Although chronic rhinosinusitis (CRS) is a common chronic health condition, affecting 10–15% of the European and US population in recent epidemiologic studies (1, 2), its underlying pathogenetic mechanisms remain unclear. CRS probably represents a heterogenous group of diseases resulting from a multifaceted interaction between the host and the environment. The microorganisms colonizing the airways have been identified as sources of signals for the innate, as well as adaptive, mucosal immune response. Variations such as skewing of T-cell populations and polarized cytokine patterns may modulate an abnormal response to the presence of environmental triggers within the upper airway (3, 4). Research into the staphylococcal superantigens elegantly reflects the interplay between microorganisms and the local immune system, and their role as disease modifiers in nasal polyp disease (CRSwNP) is now well established (4). Biofilms are a relatively new concept in the CRS literature, but do have several features that might be relevant when considering the impact of bacteria such as Staphylococci (5).
CRSwNP and CRSsNP (without nasal polyps) are increasingly recognized as distinct disease entities based on cytokine, mediator, and cellular profiles (6). CRSsNP is largely a fibrotic, remodeling disease driven by T-helper1 (Th1) cytokines such as IFN-γ with normal T-regulatory cell function (7, 8). Conversely, polyp formation of the mucosa in CRSwNP ensues following escape from the inhibitory function of T-regulatory cells (evidenced by a reduction in FoxP3 and TGF-β), enabling the T-helper2 (Th2) cells to predominate and their cytokines, in particular IL-5, to recruit and activate eosinophils (9). The presence of superantigens has been consistently demonstrated in 20–50% of Caucasian patients with CRSwNP, but rarely in CRSsNP or control subjects. The Th2-biased cytokine patterns are further exaggerated in this subgroup of CRSwNP, linking comorbid asthma to nasal polyposis (10, 11). However, the genesis of the eosinophilic and occasional neutrophilic responses in the remaining nasal polyposis patients is still elusive, underlining both the heterogeneity of this condition and the limitations of our current knowledge.
A biofilm is defined as a community of bacteria that are encased in an exopolysaccharide matrix they have produced and are irreversibly attached to a surface (12). Biofilm bacteria exhibit unique characteristics with respect to both growth and metabolism. Resulting biofilm-mediated diseases share common features, being chronic diseases with repeated acute exacerbations, variable culture rates, and extreme antibiotic resistance. These are characteristics that are commonly seen in our CRS population; hence, the biofilm hypothesis has recently been applied to CRS. The existence of biofilms in CRS has now been well established (13–16). Recent work from our department has outlined the polymicrobial nature of CRS biofilms (17), with Staphylococcus aureus and H. influenzae featuring prominently (17–19). The presence of biofilms has been associated with poor evolution following sinus surgery (20, 21); S. aureus biofilms are linked to more severe and surgically recalcitrant disease, whereas H. influenzae biofilms are generally seen in mild disease that is highly responsive to current management paradigms (22).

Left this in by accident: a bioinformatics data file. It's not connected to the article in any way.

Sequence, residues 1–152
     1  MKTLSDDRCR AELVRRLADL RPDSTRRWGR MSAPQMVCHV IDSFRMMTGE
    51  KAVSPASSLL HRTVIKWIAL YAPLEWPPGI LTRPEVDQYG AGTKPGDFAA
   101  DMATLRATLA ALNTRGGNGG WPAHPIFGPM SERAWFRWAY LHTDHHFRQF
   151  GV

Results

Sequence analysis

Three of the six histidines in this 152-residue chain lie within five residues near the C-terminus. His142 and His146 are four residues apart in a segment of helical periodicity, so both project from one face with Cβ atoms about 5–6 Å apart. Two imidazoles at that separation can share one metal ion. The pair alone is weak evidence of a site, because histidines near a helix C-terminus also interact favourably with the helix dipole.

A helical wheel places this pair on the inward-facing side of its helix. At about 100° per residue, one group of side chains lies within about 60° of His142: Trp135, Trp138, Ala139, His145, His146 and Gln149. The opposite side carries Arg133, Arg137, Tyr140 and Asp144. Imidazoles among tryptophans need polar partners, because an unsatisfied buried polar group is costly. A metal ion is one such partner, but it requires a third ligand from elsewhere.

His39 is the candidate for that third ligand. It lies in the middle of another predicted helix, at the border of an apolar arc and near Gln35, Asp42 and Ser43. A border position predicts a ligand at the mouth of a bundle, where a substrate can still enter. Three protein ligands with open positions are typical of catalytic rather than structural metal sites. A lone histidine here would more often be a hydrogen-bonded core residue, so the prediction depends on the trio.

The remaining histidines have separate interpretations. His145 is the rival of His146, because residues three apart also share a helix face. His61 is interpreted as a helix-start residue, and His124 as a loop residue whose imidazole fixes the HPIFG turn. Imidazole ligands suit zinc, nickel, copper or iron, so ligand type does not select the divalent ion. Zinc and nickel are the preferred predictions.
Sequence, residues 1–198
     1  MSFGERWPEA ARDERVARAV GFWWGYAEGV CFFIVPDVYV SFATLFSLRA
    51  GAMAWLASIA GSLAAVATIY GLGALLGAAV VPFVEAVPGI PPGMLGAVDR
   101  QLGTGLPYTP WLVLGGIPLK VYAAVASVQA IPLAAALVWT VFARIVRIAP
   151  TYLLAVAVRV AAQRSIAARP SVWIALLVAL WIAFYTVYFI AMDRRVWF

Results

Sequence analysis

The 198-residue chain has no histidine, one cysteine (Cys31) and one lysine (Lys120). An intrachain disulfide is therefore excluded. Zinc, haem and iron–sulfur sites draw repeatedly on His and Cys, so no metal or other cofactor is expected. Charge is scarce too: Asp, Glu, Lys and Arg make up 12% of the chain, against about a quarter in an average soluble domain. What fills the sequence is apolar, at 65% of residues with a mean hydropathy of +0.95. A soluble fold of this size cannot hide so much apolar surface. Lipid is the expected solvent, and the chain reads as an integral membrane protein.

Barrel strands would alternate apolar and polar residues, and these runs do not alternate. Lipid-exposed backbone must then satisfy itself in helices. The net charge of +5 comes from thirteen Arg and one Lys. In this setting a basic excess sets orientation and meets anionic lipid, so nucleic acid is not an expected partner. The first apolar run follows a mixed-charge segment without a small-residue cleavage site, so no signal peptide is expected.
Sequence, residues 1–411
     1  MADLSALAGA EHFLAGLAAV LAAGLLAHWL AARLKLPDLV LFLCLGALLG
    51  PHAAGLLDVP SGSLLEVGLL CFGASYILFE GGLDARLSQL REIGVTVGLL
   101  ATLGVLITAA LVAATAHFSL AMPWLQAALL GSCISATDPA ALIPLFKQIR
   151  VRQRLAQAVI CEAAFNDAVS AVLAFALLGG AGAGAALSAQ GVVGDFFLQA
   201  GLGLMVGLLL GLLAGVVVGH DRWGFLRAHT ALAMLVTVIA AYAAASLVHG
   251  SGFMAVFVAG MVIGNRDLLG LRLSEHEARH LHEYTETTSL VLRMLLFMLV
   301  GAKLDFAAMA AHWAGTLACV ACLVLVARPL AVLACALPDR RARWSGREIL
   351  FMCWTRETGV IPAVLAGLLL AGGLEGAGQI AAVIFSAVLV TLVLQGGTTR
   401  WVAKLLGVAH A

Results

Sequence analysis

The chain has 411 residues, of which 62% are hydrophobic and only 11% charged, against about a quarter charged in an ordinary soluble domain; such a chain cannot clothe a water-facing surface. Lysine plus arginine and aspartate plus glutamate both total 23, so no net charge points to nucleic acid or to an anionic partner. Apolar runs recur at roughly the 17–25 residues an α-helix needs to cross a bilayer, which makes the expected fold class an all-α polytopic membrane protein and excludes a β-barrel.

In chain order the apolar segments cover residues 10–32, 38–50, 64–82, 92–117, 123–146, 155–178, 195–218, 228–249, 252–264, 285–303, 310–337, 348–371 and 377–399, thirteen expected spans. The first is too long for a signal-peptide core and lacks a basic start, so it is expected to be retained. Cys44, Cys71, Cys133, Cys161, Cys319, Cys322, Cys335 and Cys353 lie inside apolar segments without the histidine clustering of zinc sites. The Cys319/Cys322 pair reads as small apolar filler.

A direct role for biofilms in CRS disease initiation remains circumstantial. By evaluating both the cytokine patterns associated with staphylococcal biofilms and their coexistence with superantigen-specific IgE within the sinuses, we hope to provide insights into the adaptive immune responses that characterize S. aureus biofilm–associated CRS and possibly further clarify their pathogenic role in this disease.
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The results of this study not only confirm previous findings of a skewed cytokine profile in CRS patients with nasal polyposis and the presence and impact of staphylococcal superantigens on the mucosal inflammation but also demonstrate a polarized immune response in the presence of S. aureus biofilms. Despite circumstantial evidence, little published research has specifically examined the immune consequences of biofilms in CRS. Our discovery of an association between S. aureus biofilms and an eosinophilic, Th2-polarized inflammation in CRS, irrespective of polyp status and independent of the superantigen pathway, implies a direct link between microorganism and host. This may finally allow definitive conclusions on the pathogenic role of biofilms in this poorly understood disease.
The role of S. aureus in CRS is expanding as its importance as a pathogen is increasingly recognized. Superantigens released by S. aureus have a well-defined role in the pathogenesis of CRS, acting as disease modifiers in the CRSwNP phenotypic subgroup, a fact confirmed for an Australian population by the current results (26). S. aureus is known to be able to reside intracellularly and intramucosally in the sinonasal mucosa (27–29), and nasal colonization rates with S. aureus exceed 60% in the CRSwNP subgroup (11). These are both potential reservoirs for superantigen release in the sinuses. Alternatively, bacteria existing in the biofilm form might act as a nidus for planktonic bacteria dispersing into the mucosa, a theory that was confirmed in the current study.
Methodologically, we utilized FISH because of its ability to identify individual biofilm-forming species (24). S. aureus is the most common biofilm-forming organism in the CRS population (17), and its presence is a predictor of more severe disease (22). In contrast, H. influenzae biofilms are associated with a favorable disease course (22). Our data on H. influenzae biofilm did not demonstrate an impact on the mucosal response, and this confirmed the clinical observation.